Immunohistochemistry and immunofluorescence were performed on paraffin sections as previously described [29]. For Unc119 immunohistochemistry, paraffin sections were treated 25 min with 0.1 µg/μl proteinase K in 10 mM Tris/HCl. This pretreatment dramatically increased the number of visible Unc119 aggregates (compare [34]). Afterwards the slides were incubated with the Unc119 antibody overnight at 4 °C and detected with the DCS SuperVision 2 Kit (DCS innovative diagnostic-system, Hamburg, Germany) according to the manufacturer’s instructions. An additional 0.05 µg/µl proteinase K pretreatment for 1 min before citrate retrieval was used for anti-nucleolin and H3K9me2 immunofluorescence experiments. Anti-poly-GA immunohistochemistry was performed with the Ventana BenchMark XT automated staining system (Ventana) using the UltraView Universal DAB Detection Kit (Roche). Incubation with poly-GR and poly-GP antibodies was done overnight at 4 °C, further steps were an incubation with a rabbit anti-rat antibody (1:2000) for 1 h at room temperature, and a final processing on the Ventana BenchMark XT using the UltraView Universal DAB Detection Kit (Roche). The poly-PR antibody was also incubated overnight at 4 °C and detected the following day on Ventata BenchMark XT. Images of immunohistochemical stainings were taken by CellD, Olympus BX50 Soft Imaging System (Olympus, Tokyo, Japan), confocal images on a LSM710 (Carl Zeiss) with a 40× or 63× oil immersion objective.

RNA in situ hybridization

Paraffin sections were dewaxed in xylene and ethanol followed by microwaving in citrate pH6 buffer for 4 × 5 min. After washing with 2× SSC (0,3 M NaCl, 30 mM sodium citrate, pH7), sections were preincubated (30 min) at 65 °C in 2× SSC containing 40 % formamide and 2.5 % BSA and incubated over night at 50 °C with the Cy3(GGCCCC)4 probe (Integrated DNA Technologies, Coralville, Iowa) in 2× SSC containing 0.8 mg/ml tRNA, 0.8 mg/ml salmon sperm DNA, 0.16 % BSA, 8 % dextran sulfate, 1.6 mM ribonucleoside vanadyl complex and 5 mM EDTA. After washing with 0.5× SSC immunofluorescence was performed as described previously [29]. In all steps, RNase-free Milli-Q ultrapurified water was used.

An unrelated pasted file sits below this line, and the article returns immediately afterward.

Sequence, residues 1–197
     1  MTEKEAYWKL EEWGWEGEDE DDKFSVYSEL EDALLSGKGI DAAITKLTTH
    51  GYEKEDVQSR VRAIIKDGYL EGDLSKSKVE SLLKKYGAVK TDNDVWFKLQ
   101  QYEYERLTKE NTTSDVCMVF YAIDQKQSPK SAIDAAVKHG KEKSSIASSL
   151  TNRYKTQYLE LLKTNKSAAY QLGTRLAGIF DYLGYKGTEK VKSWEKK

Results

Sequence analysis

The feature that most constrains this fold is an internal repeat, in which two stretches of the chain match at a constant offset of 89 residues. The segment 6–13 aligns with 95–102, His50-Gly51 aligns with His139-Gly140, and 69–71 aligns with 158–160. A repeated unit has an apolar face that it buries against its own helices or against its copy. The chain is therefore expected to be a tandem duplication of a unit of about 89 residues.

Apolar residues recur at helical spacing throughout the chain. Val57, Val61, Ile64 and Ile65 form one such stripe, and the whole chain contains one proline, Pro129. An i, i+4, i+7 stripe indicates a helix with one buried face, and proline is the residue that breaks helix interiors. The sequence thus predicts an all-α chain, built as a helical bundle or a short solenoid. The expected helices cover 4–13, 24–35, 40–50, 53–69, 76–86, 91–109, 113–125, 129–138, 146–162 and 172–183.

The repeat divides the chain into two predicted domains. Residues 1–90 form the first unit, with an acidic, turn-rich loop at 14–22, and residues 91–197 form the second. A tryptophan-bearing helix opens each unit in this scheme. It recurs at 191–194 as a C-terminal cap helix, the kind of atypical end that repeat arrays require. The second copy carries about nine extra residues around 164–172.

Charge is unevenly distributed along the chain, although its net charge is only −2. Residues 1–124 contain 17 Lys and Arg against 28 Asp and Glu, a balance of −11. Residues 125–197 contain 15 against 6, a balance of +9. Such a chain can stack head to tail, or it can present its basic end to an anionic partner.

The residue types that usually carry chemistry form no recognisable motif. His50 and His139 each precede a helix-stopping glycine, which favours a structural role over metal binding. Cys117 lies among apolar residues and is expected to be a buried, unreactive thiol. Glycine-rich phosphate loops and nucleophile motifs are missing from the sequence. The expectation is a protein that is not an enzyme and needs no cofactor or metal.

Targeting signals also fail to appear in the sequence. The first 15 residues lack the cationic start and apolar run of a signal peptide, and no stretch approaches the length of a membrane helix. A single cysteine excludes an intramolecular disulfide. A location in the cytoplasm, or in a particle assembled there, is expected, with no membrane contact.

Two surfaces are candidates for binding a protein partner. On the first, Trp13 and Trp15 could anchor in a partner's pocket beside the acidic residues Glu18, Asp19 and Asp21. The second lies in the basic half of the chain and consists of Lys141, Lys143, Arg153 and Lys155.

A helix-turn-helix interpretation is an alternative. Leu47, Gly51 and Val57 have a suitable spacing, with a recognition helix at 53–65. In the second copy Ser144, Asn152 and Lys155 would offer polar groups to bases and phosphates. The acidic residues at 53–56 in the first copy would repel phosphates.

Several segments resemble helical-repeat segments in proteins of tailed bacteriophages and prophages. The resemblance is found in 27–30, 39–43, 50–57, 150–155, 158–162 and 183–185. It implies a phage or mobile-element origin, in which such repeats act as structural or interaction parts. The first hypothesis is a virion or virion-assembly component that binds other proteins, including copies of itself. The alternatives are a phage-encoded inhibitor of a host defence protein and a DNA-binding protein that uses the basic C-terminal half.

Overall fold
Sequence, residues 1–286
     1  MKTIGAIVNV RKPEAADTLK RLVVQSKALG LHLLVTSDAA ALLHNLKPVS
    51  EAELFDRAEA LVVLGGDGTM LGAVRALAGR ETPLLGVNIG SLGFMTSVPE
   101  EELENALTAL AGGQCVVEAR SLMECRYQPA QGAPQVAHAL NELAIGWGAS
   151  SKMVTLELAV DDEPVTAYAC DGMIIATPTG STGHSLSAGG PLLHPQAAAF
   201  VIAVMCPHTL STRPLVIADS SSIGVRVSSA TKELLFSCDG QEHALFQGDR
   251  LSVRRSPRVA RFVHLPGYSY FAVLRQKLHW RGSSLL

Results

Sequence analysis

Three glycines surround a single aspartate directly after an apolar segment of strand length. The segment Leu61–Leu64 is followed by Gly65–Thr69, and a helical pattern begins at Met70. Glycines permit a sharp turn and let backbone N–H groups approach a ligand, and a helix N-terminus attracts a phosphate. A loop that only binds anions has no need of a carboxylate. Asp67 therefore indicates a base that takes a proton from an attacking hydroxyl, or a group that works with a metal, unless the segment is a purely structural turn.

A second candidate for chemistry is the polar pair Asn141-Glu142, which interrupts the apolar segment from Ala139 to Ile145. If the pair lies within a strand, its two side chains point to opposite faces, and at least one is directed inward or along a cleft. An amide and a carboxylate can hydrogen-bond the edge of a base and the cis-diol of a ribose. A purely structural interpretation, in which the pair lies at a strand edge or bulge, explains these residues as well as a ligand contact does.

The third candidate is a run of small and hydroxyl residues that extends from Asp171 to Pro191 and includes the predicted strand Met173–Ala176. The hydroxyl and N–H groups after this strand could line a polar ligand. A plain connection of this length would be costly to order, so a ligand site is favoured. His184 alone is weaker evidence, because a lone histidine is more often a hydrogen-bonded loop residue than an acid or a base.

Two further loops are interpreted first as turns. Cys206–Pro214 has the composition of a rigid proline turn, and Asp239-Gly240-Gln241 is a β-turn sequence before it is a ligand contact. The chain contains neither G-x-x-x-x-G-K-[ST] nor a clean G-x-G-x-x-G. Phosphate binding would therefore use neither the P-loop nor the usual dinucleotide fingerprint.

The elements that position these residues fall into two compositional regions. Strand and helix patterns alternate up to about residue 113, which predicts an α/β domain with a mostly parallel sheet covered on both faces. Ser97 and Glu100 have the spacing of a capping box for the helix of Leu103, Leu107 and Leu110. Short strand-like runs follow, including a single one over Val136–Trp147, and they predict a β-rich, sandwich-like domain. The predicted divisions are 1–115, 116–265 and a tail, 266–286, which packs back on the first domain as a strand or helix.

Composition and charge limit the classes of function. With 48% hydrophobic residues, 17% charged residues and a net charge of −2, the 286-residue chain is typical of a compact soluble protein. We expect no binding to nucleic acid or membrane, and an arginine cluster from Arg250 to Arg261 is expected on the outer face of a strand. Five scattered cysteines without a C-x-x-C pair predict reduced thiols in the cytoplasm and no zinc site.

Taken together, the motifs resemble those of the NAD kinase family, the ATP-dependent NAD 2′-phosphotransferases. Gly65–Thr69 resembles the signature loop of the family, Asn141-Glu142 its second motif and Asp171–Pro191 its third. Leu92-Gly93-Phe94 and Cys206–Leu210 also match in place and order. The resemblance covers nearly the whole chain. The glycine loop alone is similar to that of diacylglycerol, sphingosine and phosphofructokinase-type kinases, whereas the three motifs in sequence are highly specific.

Semi-quantitative analysis of inclusion pathology

Frequency of poly-GA, poly-GR, poly-GP and Unc119 inclusion pathology was analyzed separately for neuronal cytoplasmic inclusions (NCI), neuronal intranuclear inclusions (NII) and dystrophic neurites (DN) in a semi-quantitative manner for 36 different CNS regions of five representative cases (C9-1 to 5) with C9orf72 mutation with a Zeiss Axioplan microscope. In neocortical regions, in the granular and molecular cell layers of the cerebellum and in spinal cord, each type of inclusion pathology was considered as “few” if less than half of 12 representative visual fields (using a 20× objective) showed at least one inclusion, as “some” if more than half but not all visual fields showed at least one inclusion, as “many” if in every visual field at least 4 inclusions were detectable and as “abundant” if each visual field showed more than 20 aggregates. This method was also used for counting dystrophic neurites in all regions. In structures of hippocampus, subcortical nuclei, brain stem and the Purkinje cell layer of the cerebellum, NCIs and NIIs were considered as “few” if less than 2 % of the neurons contained aggregates, “some” if 3–25 % of the neurons contained aggregates, “many” if 25–50 % of the neurons contained aggregates and “abundant” if more than 50 % of the neurons contained aggregates.